Was his suspension too lenient? Of course it was. That truth becomes especially apparent when placing Rice, and his offense and punishment, in context with other offenses and punishment, which this chart does.
The reason the NFL's work around domestic violence seems ineffectual is twofold. By the time these players reach the NFL, their views about how to treat women -- as well as their understanding of how to display their own anger -- are often already solidified. Education needs to start in middle school and high school, which is something the NFL recognizes but is just now beginning to address with its "Prep" programs aimed at high school and college student-athletes.
"The real problem is that these conversations about domestic violence are happening too late," says Wade Davis, the executive director of the You Can Play Project, who works closely with the NFL on issues of issues of conflict regarding cultural views of masculinity. "We need to be teaching kids that it's not okay to hit a woman, or another man -- that it's not OK to use violence as a natural response to anything. These conversations need to happen when they're younger."
One place these conversations could be happening, but almost never are, is on college campuses, within athletic departments. As Todd Crosset -- an associate professor at UMass who researches gender issues in sport -- points out, the reaction to most domestic violence offenders in the NCAA is to kick them off the team and off the campus. Little value is placed on counseling and rehabilitation; more on protecting the image of the program.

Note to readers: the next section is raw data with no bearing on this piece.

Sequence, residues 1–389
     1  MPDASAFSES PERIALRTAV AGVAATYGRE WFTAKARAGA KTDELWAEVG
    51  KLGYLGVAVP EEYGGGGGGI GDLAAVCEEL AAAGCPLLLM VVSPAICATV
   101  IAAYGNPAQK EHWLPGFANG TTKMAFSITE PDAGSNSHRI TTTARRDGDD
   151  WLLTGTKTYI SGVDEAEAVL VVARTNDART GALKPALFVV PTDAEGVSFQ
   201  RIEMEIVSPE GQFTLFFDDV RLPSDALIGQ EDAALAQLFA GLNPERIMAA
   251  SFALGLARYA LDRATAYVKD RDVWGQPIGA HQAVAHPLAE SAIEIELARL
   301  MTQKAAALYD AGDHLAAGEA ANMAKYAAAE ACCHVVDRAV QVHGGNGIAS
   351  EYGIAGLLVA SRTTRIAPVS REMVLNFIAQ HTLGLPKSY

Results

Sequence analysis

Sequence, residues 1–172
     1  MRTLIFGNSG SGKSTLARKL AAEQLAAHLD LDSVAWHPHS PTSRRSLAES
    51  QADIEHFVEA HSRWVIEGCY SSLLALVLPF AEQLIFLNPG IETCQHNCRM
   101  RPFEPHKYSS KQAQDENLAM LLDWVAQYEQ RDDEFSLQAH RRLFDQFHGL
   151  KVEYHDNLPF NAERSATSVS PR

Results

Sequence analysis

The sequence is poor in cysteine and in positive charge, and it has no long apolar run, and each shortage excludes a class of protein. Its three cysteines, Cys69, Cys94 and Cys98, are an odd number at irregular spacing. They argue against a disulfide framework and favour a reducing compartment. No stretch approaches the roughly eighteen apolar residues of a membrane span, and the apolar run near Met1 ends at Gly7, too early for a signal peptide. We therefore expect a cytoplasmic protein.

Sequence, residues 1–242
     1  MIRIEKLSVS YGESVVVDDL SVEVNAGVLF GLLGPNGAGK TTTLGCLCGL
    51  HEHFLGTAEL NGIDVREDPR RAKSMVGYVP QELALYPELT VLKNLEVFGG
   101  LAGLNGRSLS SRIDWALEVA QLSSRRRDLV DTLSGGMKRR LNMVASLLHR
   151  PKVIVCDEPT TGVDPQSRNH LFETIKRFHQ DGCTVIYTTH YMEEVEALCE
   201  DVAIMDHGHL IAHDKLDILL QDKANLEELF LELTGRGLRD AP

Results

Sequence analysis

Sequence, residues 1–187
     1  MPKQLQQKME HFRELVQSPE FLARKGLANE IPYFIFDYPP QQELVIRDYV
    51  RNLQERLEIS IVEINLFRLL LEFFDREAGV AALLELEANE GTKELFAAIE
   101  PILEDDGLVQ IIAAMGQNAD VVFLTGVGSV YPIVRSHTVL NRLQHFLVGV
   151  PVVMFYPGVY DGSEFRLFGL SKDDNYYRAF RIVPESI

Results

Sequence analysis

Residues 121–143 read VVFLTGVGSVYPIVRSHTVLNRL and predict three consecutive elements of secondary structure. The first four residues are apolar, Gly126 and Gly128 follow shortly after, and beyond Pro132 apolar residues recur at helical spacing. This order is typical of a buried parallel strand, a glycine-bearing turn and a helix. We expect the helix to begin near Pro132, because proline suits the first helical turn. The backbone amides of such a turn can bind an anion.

The NFL has little control over changing the culture of college football, which is a runaway beast of its own. But perhaps part of the solution should be engagement at the grassroot level, shaping thinking before it's set into behavior patterns. As solutions go, that's a tricky one, slippery and hard to effectively implement. Which is why the NFL could make an even greater impact by leading the conversation from the top, from its perch as the most influential sports league in America.
To this point, the NFL has been embarrassingly lukewarm on publicly attacking the issue of domestic violence. An issue it doesn't seem wishy-washy on? Combating breast cancer. The apparent reason for that choice: Everyone agrees breast cancer is awful, so it's safe, big business-approved. But that logic seems to imply that domestic violence doesn't fall into the same "safe" category, that combating domestic violence is, in some way, controversial.
But is it? Or rather -- why is it seen this way?
"The NFL has embraced the pink ribbon effort against cancer, which is one of the easiest community relations efforts to get behind," Crosset says. "Has the league chosen anything that's somewhat challenging -- as an organization? I don't think they really have. If you look at their charity programs, most are self-serving: introducing kids to football, building football fields. Of course, whether domestic violence is something they should take on, depends how good a job they can do. It's a difficult topic for an organization like the NFL to be involved with because it's not framed in a happy, let's-make-the-world-a-better-place way. There isn't a framing of it yet -- and there might never be -- that it's this happy, feel-good thing."